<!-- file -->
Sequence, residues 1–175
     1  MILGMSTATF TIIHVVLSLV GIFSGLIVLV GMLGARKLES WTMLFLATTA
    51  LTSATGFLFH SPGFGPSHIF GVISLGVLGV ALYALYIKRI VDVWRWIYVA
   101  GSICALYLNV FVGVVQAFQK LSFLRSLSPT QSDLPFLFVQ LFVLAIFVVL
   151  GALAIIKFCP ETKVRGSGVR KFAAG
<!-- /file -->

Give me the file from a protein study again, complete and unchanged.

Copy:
Sequence, residues 1–175
     1  MILGMSTATF TIIHVVLSLV GIFSGLIVLV GMLGARKLES WTMLFLATTA
    51  LTSATGFLFH SPGFGPSHIF GVISLGVLGV ALYALYIKRI VDVWRWIYVA
   101  GSICALYLNV FVGVVQAFQK LSFLRSLSPT QSDLPFLFVQ LFVLAIFVVL
   151  GALAIIKFCP ETKVRGSGVR KFAAG